Author Topic: EEVblog1573 - TEARDOWN: How a Rotary (Angle) Pulse Encoder Works  (Read 4368 times)

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Offline EEVblogTopic starter

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How a Rotary (Angle) Pulse Encoder works. This is entirely different to the normal quadrature phase encoder you have used before.
A teardown from the Haefely Trench PESD 1600 ESD Tester.

00:00 - This is NOT a regular quadrature rotary encoder!
02:08 - Tool Tip, Pin Vice
05:41 - EDC tool shootout, Victorinox MiniChamp vs Gerber Dime vs Olight Otacle
06:34 - We're in like Flynn!
07:13 - New Lab Jack for the Tagarno microscope
08:09 - Of course that's how it works
09:59 - Why is this not used more often?
12:29 - How it works
14:49 - Is there another example of this type of encoder? if not, why not?

 

Offline pickle9000

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Re: EEVblog1573 - TEARDOWN: How a Rotary (Angle) Pulse Encoder Works
« Reply #1 on: October 18, 2023, 11:05:56 pm »
Reminds me of a rotary telephone switchpack. Would not surprise me if it was designed by an old telecom guy (or gal).
 

Offline EEVblogTopic starter

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Re: EEVblog1573 - TEARDOWN: How a Rotary (Angle) Pulse Encoder Works
« Reply #2 on: October 18, 2023, 11:57:23 pm »
Reminds me of a rotary telephone switchpack. Would not surprise me if it was designed by an old telecom guy (or gal).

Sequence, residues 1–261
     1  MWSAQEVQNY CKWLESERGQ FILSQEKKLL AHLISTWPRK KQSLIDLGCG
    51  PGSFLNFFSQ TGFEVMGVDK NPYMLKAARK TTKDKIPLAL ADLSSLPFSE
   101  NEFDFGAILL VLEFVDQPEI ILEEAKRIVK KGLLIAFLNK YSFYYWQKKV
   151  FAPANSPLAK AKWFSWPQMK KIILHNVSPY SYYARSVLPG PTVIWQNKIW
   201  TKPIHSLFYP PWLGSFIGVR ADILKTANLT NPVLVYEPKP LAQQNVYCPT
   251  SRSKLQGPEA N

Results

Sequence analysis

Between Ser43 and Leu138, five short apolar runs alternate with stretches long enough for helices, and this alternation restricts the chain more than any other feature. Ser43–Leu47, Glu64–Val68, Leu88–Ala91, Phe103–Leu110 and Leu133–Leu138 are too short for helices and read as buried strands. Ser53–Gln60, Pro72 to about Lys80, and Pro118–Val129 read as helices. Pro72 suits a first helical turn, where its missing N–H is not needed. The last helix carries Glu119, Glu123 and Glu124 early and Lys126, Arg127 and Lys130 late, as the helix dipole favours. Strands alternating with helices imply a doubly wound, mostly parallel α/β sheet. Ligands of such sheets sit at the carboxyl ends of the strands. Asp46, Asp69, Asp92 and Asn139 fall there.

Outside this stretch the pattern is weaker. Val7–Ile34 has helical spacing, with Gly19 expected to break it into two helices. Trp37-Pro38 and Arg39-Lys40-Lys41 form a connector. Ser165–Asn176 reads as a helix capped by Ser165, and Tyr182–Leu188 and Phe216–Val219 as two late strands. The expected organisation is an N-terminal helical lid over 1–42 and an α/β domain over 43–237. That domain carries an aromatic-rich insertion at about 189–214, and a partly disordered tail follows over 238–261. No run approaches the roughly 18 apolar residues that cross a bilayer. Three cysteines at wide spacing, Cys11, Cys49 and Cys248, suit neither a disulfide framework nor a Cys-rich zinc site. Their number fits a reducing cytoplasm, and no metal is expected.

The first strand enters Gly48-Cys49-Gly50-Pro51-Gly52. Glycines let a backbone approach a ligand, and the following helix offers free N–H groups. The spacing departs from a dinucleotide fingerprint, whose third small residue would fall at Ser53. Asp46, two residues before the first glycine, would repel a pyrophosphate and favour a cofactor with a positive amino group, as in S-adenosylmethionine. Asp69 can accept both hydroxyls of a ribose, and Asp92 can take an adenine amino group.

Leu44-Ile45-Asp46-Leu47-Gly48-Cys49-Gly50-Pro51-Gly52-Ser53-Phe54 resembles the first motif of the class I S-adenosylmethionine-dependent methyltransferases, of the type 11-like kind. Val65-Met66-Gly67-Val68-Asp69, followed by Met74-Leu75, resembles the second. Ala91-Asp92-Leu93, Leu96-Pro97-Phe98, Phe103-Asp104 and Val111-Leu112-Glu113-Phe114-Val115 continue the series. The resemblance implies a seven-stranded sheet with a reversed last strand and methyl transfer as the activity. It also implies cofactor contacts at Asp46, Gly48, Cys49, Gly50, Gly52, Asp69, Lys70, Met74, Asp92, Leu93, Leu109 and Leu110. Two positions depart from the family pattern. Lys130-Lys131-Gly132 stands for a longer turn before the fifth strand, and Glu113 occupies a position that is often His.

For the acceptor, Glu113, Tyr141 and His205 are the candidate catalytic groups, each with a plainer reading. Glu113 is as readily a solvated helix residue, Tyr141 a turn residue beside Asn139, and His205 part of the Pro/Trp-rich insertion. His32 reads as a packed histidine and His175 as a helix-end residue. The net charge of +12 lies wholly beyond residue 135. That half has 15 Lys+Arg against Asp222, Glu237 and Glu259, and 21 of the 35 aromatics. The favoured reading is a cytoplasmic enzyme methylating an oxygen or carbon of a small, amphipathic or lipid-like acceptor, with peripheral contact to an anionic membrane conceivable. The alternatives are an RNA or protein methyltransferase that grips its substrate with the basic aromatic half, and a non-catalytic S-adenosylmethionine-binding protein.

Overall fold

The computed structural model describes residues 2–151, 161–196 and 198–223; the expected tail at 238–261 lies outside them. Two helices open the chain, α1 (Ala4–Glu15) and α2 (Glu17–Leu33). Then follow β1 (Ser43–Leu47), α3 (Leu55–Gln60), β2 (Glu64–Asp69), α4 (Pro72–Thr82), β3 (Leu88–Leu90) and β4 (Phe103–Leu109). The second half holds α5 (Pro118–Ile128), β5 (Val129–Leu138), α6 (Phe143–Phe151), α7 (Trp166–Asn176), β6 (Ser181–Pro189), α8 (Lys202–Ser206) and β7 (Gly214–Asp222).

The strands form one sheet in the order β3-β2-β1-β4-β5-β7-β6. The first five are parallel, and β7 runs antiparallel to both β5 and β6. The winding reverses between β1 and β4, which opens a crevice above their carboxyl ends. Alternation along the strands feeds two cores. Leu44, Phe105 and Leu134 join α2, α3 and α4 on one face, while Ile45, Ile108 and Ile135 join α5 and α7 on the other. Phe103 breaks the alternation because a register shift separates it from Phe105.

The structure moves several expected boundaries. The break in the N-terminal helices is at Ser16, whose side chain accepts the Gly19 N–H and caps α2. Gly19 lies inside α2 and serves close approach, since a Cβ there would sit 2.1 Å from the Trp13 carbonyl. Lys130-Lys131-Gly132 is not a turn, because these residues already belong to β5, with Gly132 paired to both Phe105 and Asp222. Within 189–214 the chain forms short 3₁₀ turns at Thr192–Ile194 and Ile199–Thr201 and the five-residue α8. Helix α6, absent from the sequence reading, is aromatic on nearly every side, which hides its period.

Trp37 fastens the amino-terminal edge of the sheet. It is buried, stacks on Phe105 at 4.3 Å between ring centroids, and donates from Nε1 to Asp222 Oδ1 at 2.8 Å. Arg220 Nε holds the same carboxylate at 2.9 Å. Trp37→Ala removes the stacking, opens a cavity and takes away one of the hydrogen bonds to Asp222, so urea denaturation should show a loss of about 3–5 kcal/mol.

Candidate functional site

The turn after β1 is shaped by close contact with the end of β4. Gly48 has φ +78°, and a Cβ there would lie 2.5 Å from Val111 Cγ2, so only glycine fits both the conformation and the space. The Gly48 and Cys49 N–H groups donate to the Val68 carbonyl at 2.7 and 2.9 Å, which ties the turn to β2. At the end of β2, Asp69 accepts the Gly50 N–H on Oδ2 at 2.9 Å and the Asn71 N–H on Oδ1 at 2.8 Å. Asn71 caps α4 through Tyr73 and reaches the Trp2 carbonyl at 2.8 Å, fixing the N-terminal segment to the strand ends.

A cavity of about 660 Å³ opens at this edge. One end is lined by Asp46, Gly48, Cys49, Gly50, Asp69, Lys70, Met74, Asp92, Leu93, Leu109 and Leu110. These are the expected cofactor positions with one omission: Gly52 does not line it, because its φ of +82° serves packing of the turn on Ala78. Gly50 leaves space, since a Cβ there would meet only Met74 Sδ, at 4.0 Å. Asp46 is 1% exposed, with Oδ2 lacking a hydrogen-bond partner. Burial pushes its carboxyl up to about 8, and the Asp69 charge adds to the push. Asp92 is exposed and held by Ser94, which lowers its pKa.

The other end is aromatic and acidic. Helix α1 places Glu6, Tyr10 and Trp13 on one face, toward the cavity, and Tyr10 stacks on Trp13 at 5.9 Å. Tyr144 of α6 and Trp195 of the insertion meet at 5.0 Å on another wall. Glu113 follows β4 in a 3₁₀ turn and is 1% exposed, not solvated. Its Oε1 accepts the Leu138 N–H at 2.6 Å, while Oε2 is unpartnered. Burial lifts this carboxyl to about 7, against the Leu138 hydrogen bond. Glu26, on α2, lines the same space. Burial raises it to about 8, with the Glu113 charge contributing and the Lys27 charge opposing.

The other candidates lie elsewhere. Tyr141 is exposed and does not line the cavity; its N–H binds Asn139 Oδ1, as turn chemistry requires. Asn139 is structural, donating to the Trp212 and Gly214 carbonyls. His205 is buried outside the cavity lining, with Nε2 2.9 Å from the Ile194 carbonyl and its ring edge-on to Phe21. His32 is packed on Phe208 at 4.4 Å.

For sure!
 

Offline Froese

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Re: EEVblog1573 - TEARDOWN: How a Rotary (Angle) Pulse Encoder Works
« Reply #3 on: October 19, 2023, 03:11:58 am »
The advantage of this kind of rotary encoder with toggle switches is, that you can debounce them perfectly with a simple RS-flip-flop (the two toggle contacts of each switch on set- and reset) or an equivalent programm, without the need for an arbitrary dead time or delay.
 

Offline Dundarave

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Re: EEVblog1573 - TEARDOWN: How a Rotary (Angle) Pulse Encoder Works
« Reply #4 on: October 19, 2023, 04:39:01 am »
That extra piece of what looks to be springy metal may have been placed around the geared part somehow in order to take up any radial “slop” in the mechanism, like a backlash preventer.

It looks like it could only fit inside the package if it was flexed and constrained by the case itself.
 

Offline Kleinstein

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Re: EEVblog1573 - TEARDOWN: How a Rotary (Angle) Pulse Encoder Works
« Reply #5 on: October 19, 2023, 11:50:46 am »
For the SW decoding the difference is not that large. One you get the idea right the quadarture decoder is not that difficult and one can even tolerate bouncing of single contacts.

It can make a difference if one wants direct logic for counting - e.g. 2 Flip-flops for debounce and than counters.
 

Offline Rdx

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Re: EEVblog1573 - TEARDOWN: How a Rotary (Angle) Pulse Encoder Works
« Reply #6 on: October 19, 2023, 05:00:53 pm »
Wow, the mechanical design of this thing is much (much!) simpler than I expected. Was pretty sure there would be some surface contact wipers, which I would have expected to be a possibel failure point...

It seems EBE also offers other interesting types like Step + Direction pins (eg, kind of like you would control your stepper motor driver)
 

Offline Peabody

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Re: EEVblog1573 - TEARDOWN: How a Rotary (Angle) Pulse Encoder Works